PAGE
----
Please use this identifier to cite or link to this item: https://hdl.handle.net/1959.11/18918
Title: Partitioning Heritability of Regulatory and Cell-Type-Specific Variants across 11 Common Diseases
Contributor(s): Gusev, Alexander (author); Lee, Sang Hong  (author); Schizophrenia Working Group of the Psychiatric Genomics Consortium, (author); SWE-SCZ Consortium, (author); Kahler, Anna K (author); Hultman, Christina M (author); Purcell, Shaun M (author); McCarroll, Steven A (author); Daly, Mark (author); Pasaniuc, Bogdan (author); Sullivan, Patrick F (author); Neale, Benjamin M (author); Trynka, Gosia (author); Wray, Naomi R (author); Raychaudhuri, Soumya (author); Price, Alkes L (author); Finucane, Hilary (author); Vilhjalmsson, Bjarni J (author); Xu, Han (author); Zang, Chongzhi (author); Ripke, Stephan (author); Bulik-Sullivan, Brendan (author); Stahl, Eli (author)
Publication Date: 2014
Open Access: Yes
DOI: 10.1016/j.ajhg.2014.10.004Open Access Link
Handle Link: https://hdl.handle.net/1959.11/18918
Abstract: Regulatory and coding variants are known to be enriched with associations identified by genome-wide association studies (GWASs) of complex disease, but their contributions to trait heritability are currently unknown. We applied variance-component methods to imputed genotype data for 11 common diseases to partition the heritability explained by genotyped SNPs (h²g ) across functional categories (while accounting for shared variance due to linkage disequilibrium). Extensive simulations showed that in contrast to current estimates from GWAS summary statistics, the variance-component approach partitions heritability accurately under a wide range of complex-disease architectures. Across the 11 diseases DNaseI hypersensitivity sites (DHSs) from 217 cell types spanned 16% of imputed SNPs (and 24% of genotyped SNPs) but explained an average of 79% (SE = 8%) of h²g from imputed SNPs (5.13 enrichment; p = 3.7 x 10 ̄17) and 38% (SE = 4%) of h²g from genotyped SNPs (1.6 x enrichment, p = 1.0 x 10 ̄4). Further enrichment was observed at enhancer DHSs and cell-type-specific DHSs. In contrast, coding variants, which span 1% of the genome, explained <10% of h²g despite having the highest enrichment. We replicated these findings but found no significant contribution from rare coding variants in independent schizophrenia cohorts genotyped on GWAS and exome chips. Our results highlight the value of analyzing components of heritability to unravel the functional architecture of common disease.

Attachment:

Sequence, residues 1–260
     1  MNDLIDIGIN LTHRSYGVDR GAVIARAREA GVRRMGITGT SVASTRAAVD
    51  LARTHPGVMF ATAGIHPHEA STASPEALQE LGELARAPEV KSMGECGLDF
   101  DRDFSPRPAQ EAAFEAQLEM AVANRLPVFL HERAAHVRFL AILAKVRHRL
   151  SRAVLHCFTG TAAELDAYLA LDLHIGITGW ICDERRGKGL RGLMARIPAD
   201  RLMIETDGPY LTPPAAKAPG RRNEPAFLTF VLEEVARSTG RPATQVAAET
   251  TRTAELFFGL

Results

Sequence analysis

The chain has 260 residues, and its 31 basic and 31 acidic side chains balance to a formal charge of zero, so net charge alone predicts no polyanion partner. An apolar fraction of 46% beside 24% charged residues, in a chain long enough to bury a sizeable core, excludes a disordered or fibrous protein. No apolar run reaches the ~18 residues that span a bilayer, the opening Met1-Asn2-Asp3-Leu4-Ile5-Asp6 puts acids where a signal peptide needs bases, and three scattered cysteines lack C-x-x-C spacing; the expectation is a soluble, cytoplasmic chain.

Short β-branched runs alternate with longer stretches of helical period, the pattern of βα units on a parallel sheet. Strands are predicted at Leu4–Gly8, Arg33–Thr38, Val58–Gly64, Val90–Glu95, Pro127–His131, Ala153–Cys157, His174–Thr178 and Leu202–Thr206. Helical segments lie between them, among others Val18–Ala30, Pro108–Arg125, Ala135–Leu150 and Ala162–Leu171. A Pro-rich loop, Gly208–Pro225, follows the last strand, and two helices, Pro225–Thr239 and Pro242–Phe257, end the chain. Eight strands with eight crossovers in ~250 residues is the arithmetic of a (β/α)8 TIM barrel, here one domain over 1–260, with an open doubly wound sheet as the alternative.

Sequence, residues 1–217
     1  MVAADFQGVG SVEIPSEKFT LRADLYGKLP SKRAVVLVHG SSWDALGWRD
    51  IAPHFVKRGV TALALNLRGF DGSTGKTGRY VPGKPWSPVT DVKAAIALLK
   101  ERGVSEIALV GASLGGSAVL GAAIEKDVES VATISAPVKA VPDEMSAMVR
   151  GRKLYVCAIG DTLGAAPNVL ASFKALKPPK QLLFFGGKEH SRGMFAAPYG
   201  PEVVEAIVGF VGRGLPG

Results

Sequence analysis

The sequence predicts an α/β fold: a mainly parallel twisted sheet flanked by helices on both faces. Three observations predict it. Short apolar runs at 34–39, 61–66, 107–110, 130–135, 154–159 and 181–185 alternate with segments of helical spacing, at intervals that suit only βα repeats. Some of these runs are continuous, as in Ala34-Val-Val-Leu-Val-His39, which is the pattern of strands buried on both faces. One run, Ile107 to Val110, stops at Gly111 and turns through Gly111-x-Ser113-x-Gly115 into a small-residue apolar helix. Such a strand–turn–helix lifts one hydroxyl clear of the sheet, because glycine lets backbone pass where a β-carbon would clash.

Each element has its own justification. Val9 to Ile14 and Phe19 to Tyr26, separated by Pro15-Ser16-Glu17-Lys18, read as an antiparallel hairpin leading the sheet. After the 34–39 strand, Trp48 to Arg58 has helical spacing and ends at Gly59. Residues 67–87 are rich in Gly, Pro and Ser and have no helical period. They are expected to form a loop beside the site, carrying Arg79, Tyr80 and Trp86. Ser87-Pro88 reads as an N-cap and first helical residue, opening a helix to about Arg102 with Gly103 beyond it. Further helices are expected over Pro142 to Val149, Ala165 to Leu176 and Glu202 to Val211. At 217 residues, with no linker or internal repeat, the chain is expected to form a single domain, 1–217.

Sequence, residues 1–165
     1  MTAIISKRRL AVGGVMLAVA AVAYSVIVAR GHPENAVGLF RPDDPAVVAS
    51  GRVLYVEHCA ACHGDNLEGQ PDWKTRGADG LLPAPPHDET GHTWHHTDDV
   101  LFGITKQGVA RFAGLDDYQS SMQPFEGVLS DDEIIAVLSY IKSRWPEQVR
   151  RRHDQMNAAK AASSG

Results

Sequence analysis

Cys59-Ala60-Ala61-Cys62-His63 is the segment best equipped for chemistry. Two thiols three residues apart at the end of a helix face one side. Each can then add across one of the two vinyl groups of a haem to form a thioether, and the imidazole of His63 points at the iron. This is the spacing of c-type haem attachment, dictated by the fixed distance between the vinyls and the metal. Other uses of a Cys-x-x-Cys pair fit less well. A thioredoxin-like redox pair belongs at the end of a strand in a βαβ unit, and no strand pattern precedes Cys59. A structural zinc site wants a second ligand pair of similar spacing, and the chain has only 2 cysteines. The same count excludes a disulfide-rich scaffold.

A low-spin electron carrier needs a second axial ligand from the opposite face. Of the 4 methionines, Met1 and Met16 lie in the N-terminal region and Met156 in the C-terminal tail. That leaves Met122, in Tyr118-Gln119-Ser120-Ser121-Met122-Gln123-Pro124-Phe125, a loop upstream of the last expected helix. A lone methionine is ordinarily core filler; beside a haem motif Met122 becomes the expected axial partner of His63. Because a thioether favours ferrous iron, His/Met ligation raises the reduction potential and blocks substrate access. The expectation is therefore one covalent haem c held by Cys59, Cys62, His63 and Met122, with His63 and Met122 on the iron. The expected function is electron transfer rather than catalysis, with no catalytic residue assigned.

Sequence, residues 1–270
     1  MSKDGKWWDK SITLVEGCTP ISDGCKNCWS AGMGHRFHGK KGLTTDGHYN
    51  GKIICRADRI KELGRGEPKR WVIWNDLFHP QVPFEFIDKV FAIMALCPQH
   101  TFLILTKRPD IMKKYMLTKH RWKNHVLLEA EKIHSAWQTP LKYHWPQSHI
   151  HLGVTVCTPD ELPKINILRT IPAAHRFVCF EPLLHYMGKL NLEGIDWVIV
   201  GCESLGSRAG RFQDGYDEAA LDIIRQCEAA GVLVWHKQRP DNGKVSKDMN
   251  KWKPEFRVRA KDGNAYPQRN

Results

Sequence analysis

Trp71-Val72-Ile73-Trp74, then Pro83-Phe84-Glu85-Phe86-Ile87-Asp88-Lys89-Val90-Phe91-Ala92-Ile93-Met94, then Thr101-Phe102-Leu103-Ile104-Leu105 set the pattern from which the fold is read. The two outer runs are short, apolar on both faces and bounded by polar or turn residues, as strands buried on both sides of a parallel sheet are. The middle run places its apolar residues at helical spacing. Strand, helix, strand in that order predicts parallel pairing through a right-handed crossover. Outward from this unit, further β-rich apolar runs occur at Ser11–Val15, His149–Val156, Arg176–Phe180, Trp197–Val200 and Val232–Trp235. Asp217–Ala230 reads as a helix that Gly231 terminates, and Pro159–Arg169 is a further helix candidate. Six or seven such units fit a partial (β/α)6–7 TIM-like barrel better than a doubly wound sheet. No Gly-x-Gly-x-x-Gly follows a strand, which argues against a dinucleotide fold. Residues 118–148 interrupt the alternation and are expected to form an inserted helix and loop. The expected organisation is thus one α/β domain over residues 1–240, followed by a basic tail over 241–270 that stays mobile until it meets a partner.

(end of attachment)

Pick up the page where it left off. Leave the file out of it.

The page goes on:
Publication Type: Journal Article
Source of Publication: American Journal of Human Genetics, 95(5), p. 535-552
Publisher: Cell Press
Place of Publication: Cambridge, United States of America
ISSN: 1537-6605
0002-9297
Field of Research (FOR): 060412 Quantitative Genetics (incl. Disease and Trait Mapping Genetics)
110319 Psychiatry (incl. Psychotherapy)
060408 Genomics
Socio-Economic Outcome Codes: 970106 Expanding Knowledge in the Biological Sciences
970111 Expanding Knowledge in the Medical and Health Sciences
920110 Inherited Diseases (incl. Gene Therapy)
Peer Reviewed: Yes
HERDC Category Description: C1 Refereed Article in a Scholarly Journal
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